How to get a Supplier Contract History Letter from the Canadian Government
If you are looking to bid on international opportunities, a Supplier Contract History Letter with a list of contracts that have been awarded to your business by Public Services and procurement Canada (PSPC) is a useful tool. In this article, we explain how to request your own personalized letter.
Selling products or services to foreign governments is in many ways a massive trust exercise. All parties need confidence the deal will be done as promised. Reputations are almost always on the line.
That’s why virtually any foreign government thinking about doing business with you is going to want to know your track record serving other government customers. If you’ve been a domestic supplier to the Government of Canada, that experience can go a long way toward building your credibility abroad, especially with foreign governments.
Quickly compile your supplier contract history
In the past it was an onerous task to gather the proof of your domestic government supply experience, especially if you’ve had multiple contracts or sold into multiple federal departments. This is no longer the case.
The Trade Commissioner Service (TCS) and Public Services and Procurement Canada (PSPC) offer a service that lets businesses quickly and easily gather proof of contracts awarded and create a personalized formal Supplier Contract History Letter.
The process is simple – visit Request your own Supplier Contract History Letter and follow the prompts to search for your supplier legal name. You can then choose from the list of contracts that have been awarded to you, preview your letter, and submit your request. You’ll get a signed copy within two business days, and you can include it as part of your bidding package for government contracts. You can request as many letters as you need, in English or French, and at no cost to you.
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Tool for selling to domestic and international governments
Many governments departments and agencies request information about past performance as part of their evaluation criteria for government contracts. In Canada, Public Services and Procurement Canada (PSPC) has established a policy to use vendor past performance information in awarding contracts in order to improve transparency, promote innovation, and ensure best value.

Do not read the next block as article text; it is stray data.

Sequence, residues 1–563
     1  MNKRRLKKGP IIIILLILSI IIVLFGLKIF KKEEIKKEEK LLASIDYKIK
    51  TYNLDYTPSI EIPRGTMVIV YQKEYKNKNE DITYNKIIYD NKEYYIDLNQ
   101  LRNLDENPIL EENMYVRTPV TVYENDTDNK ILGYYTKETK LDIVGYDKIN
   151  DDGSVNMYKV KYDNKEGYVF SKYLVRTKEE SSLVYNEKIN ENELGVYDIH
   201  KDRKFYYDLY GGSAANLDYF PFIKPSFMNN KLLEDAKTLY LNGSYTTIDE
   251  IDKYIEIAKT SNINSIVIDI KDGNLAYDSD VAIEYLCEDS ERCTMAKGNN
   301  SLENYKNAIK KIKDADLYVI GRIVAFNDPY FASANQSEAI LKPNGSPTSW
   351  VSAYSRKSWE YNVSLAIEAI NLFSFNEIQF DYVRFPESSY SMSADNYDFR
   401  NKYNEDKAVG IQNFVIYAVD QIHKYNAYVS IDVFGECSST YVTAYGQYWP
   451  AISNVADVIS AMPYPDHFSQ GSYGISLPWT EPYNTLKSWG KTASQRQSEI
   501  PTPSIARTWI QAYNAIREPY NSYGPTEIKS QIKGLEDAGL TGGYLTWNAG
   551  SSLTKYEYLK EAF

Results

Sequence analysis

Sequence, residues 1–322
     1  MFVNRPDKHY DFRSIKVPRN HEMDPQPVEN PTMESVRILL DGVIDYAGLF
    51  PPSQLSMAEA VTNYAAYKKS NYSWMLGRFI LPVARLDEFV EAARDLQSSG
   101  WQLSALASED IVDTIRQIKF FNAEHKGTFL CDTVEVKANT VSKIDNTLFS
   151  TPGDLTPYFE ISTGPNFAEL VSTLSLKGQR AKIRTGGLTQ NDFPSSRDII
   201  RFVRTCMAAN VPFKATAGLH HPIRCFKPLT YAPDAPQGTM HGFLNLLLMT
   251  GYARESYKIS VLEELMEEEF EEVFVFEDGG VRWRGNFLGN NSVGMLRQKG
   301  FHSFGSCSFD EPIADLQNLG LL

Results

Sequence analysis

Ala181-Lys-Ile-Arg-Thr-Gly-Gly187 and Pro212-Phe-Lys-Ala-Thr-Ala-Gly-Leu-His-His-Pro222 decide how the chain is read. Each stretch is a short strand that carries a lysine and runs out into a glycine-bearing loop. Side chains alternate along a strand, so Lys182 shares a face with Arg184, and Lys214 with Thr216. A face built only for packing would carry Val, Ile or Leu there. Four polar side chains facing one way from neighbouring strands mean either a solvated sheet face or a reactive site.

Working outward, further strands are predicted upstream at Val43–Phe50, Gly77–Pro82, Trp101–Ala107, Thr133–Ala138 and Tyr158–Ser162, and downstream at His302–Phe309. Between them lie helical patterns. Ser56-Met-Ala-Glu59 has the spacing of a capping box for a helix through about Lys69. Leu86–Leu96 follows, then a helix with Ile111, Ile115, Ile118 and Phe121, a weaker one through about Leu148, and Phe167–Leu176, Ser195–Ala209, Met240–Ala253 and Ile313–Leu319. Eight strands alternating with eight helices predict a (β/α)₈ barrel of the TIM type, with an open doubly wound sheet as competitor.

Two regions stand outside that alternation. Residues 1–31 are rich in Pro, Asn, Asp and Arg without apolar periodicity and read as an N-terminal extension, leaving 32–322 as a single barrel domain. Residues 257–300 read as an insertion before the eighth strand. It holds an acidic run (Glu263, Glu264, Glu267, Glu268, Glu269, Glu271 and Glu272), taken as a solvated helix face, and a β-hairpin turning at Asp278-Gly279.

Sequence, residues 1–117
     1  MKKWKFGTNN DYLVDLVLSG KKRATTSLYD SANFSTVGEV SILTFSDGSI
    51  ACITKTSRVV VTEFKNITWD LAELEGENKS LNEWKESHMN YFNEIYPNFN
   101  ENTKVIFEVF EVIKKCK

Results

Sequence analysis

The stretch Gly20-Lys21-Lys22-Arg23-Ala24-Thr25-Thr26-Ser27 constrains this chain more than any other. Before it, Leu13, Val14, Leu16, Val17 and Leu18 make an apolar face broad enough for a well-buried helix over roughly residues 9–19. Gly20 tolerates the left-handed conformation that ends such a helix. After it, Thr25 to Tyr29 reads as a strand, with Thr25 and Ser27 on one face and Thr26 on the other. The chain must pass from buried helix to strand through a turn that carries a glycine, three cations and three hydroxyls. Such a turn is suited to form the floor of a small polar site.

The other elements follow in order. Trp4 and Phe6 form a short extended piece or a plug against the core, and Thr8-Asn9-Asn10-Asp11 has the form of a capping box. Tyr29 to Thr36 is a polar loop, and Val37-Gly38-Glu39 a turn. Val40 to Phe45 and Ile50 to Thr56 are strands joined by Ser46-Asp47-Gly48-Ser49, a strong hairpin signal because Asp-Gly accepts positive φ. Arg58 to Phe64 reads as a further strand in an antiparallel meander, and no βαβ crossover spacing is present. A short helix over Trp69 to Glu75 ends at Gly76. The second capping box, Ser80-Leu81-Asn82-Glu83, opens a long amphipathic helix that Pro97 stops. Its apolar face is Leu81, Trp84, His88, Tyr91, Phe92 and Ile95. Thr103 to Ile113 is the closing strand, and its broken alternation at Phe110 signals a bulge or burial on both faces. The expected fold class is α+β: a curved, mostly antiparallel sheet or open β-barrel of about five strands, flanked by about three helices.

In the United States, Federal Acquisition Regulation (FAR) 15.305(a)(2)(ii), requires the contracting officers to consider information obtained from any source when evaluating past performance. This can include information from (but not limited to) previous contracting officers, news media, reliable commercial sources of performance information, state and local governments, and other references.
In the UK, Public Contracts Regulations 2015 requires that a suppliers’ past performance is considered by contracting authorities. While in Korea, the e-procurement system collects past performance data from private sector business organisations through automated data exchange. Guidelines on tender evaluation by the Australia Department of Treasury and Finance states that a tenderer’s performance in completing past projects can be used as part of the assessment criteria. It suggests that this criterion can account anywhere from 5 to 20 percent of the weighting.
These examples demonstrate how having a supplier contract history letter from the Government of Canada can be a valuable support document when bidding on contracts with governments.
Great addition to G2G proposal
When you work through CCC’s government to government (G2G) contracting approach, you’re backing your bid with the reputation and assurances of the Government of Canada. Showing that you’ve previously done work for the Canadian government as a supplier strengthens the proof of that relationship and the government’s confidence in your company.
Contact us to learn more about government procurement or if you are working with a foreign government department and would like the support from CCC and the Government of Canada.
While CCC’s government to government (G2G) contracting approach provides a direct, unsolicited proposal route to seize on international opportunities, it’s helpful as an exporter to have an understanding of government procurement processes.
Learn how CCC helps Canadian companies grow by partnering with them to help sell their products and services to foreign governments.
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